Edit: I should have said, adding an initial condition V=0 and ##\frac{dV}{dt}=0## for t<0

• etotheipi
Staff Emeritus
I just thought of a fun theorem to prove. Is it possible to generate a periodic solution with an aperiodic forcing function? No doubt, someone did that before, but it might be fun to prove from scratch.

Gold Member
If a voltage source is sinusoidal, then we can introduce a phasor map and come up with equations like$$V_0 e^{i \omega t} = I(R + i\omega L + \frac{1}{\omega C} i)$$where ##I## would also differ from ##V## by a complex phase.
But if you set ##\omega = 0##, which would appear to correspond to the case where the source voltage is constant, you get nonsense results.

The term in the brackets is the complex impedance ##Z## of a series RLC circuit. In case ##\omega\rightarrow 0##, the magnitude of the impedance becomes infinite, ##|Z| \rightarrow \infty##, viz. ##I\rightarrow 0##. Nothing strange.

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• etotheipi
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2022 Award
Let's see. I all starts from AC circuit theory. In the time domain the equation for an RLC circuit reads
$$L \ddot{Q} + R \dot{Q} + \frac{1}{C} Q=U,$$
where ##Q## is the charge on the capacitor. Now usually you are interested in AC with a given frequency ##\omega## and it's most convenient to use the complex approach with the understanding that the physical quantities are the real part of the corresponding complex functions.

In addition we are only interested in the stationary final state, i.e., we don't consider the damped transient states but look a long time after having switched on the circuit (long means long compared to the damping time of the homogeneous solution of the linear ODE).

Then we can write
$$Q=Q_0 \exp(\mathrm{i} \omega t), \quad U=U_0 \exp(\mathrm{i} \omega t),$$
and the ODE turns into a linear algebraic equation,
$$(-L\omega^2 + \mathrm{i} \omega R +\frac{1}{C}) Q_0=U_0.$$
Of course we are rather interested in the current, which is
$$I=\dot{Q}=\mathrm{i} \omega Q_0 \exp(\mathrm{i} \omega t)\; \Rightarrow \; Q_0=-\mathrm{i} I_0/\omega,$$
$$Z I_0=\left (R+\mathrm{i} \omega L-\frac{\mathrm{i}}{\omega C} \right) I_0=U_0.$$
This example leads to the usual AC circuit theory for the stationary state. It works exactly as DC circuit theory when instead of resistances you use impedances for the various elements, i.e., ##Z_R=R## for a resistor, ##Z_L=\mathrm{i} \omega L## for a coil, and ##Z_C=-\mathrm{i}/(\omega C)## for a capacitor. This of course only works for ##\omega \neq 0##.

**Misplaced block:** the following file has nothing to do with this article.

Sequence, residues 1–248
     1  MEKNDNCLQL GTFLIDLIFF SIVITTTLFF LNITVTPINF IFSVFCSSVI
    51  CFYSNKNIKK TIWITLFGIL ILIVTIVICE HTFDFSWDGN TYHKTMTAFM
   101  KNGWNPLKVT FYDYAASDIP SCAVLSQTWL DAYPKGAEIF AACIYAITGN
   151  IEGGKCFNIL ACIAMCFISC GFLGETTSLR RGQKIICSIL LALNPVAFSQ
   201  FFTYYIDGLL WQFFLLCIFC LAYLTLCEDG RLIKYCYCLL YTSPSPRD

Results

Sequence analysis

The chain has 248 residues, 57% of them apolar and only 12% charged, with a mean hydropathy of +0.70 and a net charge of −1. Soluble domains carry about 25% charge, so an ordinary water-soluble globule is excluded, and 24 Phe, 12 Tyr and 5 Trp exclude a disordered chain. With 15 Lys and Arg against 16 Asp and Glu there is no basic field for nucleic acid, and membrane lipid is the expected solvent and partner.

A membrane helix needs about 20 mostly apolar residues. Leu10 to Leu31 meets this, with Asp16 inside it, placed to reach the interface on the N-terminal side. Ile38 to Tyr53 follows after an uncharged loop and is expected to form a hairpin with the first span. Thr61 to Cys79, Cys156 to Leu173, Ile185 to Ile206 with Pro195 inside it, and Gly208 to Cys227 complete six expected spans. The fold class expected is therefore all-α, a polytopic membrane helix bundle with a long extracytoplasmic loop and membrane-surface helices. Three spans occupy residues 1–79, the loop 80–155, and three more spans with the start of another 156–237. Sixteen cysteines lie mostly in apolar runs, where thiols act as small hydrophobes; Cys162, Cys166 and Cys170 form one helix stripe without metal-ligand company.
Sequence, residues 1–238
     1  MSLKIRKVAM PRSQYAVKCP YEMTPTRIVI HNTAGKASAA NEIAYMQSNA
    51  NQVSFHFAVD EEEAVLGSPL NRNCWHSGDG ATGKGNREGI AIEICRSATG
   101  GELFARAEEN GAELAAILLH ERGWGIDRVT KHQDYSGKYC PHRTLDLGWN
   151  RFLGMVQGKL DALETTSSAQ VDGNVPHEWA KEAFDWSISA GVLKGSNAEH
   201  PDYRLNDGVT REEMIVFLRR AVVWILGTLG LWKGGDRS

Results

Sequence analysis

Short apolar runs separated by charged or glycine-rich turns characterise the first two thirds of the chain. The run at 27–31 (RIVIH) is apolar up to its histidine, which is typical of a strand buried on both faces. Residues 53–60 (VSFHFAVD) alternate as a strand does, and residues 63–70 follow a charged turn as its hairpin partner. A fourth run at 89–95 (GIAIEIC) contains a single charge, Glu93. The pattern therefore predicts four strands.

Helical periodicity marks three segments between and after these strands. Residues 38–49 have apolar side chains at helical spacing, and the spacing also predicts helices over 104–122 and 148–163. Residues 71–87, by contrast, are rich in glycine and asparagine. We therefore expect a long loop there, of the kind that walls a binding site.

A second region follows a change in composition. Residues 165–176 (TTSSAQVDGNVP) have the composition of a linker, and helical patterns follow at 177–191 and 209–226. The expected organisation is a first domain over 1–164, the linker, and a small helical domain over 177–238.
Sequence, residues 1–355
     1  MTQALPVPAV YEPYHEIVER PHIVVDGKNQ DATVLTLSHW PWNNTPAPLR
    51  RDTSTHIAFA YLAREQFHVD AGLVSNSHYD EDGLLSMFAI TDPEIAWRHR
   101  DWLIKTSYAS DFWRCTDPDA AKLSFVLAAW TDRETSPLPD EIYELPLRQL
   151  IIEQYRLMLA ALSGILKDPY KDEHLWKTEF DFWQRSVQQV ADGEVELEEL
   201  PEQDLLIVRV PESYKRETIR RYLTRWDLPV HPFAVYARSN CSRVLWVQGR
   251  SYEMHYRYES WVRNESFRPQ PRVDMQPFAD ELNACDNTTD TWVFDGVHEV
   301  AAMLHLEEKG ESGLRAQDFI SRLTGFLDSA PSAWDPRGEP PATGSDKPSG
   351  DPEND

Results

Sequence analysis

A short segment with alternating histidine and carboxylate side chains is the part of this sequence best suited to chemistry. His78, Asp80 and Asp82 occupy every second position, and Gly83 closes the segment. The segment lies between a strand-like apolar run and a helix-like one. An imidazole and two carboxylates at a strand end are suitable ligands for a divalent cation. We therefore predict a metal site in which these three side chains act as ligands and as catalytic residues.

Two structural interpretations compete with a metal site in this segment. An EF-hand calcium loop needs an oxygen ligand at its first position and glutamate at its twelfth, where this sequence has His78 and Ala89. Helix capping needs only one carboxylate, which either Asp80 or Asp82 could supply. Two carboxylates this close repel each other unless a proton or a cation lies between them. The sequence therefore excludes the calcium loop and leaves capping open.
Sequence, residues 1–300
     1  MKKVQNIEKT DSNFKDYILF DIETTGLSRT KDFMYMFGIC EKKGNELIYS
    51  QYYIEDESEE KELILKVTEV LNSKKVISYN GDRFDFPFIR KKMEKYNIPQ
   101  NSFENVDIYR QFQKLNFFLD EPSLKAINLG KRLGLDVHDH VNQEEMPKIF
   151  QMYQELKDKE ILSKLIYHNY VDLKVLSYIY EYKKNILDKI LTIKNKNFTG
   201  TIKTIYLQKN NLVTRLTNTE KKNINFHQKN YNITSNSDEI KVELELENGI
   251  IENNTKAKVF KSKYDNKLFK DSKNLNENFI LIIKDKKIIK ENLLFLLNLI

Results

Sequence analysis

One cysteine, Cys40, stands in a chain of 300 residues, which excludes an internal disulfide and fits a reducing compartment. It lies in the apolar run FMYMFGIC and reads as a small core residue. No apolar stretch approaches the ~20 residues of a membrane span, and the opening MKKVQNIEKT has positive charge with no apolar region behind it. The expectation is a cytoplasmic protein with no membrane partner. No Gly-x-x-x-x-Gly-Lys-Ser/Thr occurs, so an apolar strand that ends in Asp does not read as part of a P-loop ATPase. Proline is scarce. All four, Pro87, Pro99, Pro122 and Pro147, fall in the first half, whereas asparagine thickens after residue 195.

For ##\omega=0## you have ##U=U_0=\text{const}##, and of course the stationary state is ##Q=Q_0=\text{const}## and thus ##I=0## and ##\dot{I}=0##. Then the above ODE gets simply
$$\frac{Q_0}{C}=U_0=\text{const},$$
as it should be. There's of course no current because of the capacitor.

• etotheipi and Lord Jestocost
Then we can write
$$Q=Q_0 \exp(\mathrm{i} \omega t), \quad U=U_0 \exp(\mathrm{i} \omega t),$$
and the ODE turns into a linear algebraic equation,
$$(-L\omega^2 + \mathrm{i} \omega R +\frac{1}{C}) Q_0=U_0.$$

Maybe a silly final question... do we also need account for a phase here, e.g. putting ##U = U_0 e^{i \omega t} e^{i \delta}##? I have the feeling that generally, excluding cases where we just have resistors, ##\delta## will often be non-zero.

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What do you mean by phase? ##I_0## and ##U_0## are complex numbers. You can write them of course in "polar" form as ##I_0=|I_0| \exp(\mathrm{i} \phi_Q)## and ##U_0=|U_0| \exp(\mathrm{i} \phi_U)##. The same holds for ##Z=|Z| \exp(\mathrm{i} \phi_Z)##. Usually you are only interested in the relative phase shift between ##U## and ##I##, and that's encoded in ##\phi_Z##.

• etotheipi
What do you mean by phase? ##I_0## and ##U_0## are complex numbers. You can write them of course in "polar" form as ##I_0=|I_0| \exp(\mathrm{i} \phi_Q)## and ##U_0=|U_0| \exp(\mathrm{i} \phi_U)##. The same holds for ##Z=|Z| \exp(\mathrm{i} \phi_Z)##. Usually you are only interested in the relative phase shift between ##U## and ##I##, and that's encoded in ##\phi_Z##.

Okay yes that makes sense if ##U_0##, ##I_0## etc. are complex, I thought you had used them for the magnitude only. Thanks for clarifying!

Gold Member
It should be, yes. Did I make a mistake?
Yes, the term i/(ωC) in you original equation should be 1/(iωC) = -i/(ωC).

• etotheipi
Yes, the term i/(ωC) in you original equation should be 1/(iωC) = -i/(ωC).

Whoops, yes I meant to put it in the denominator. •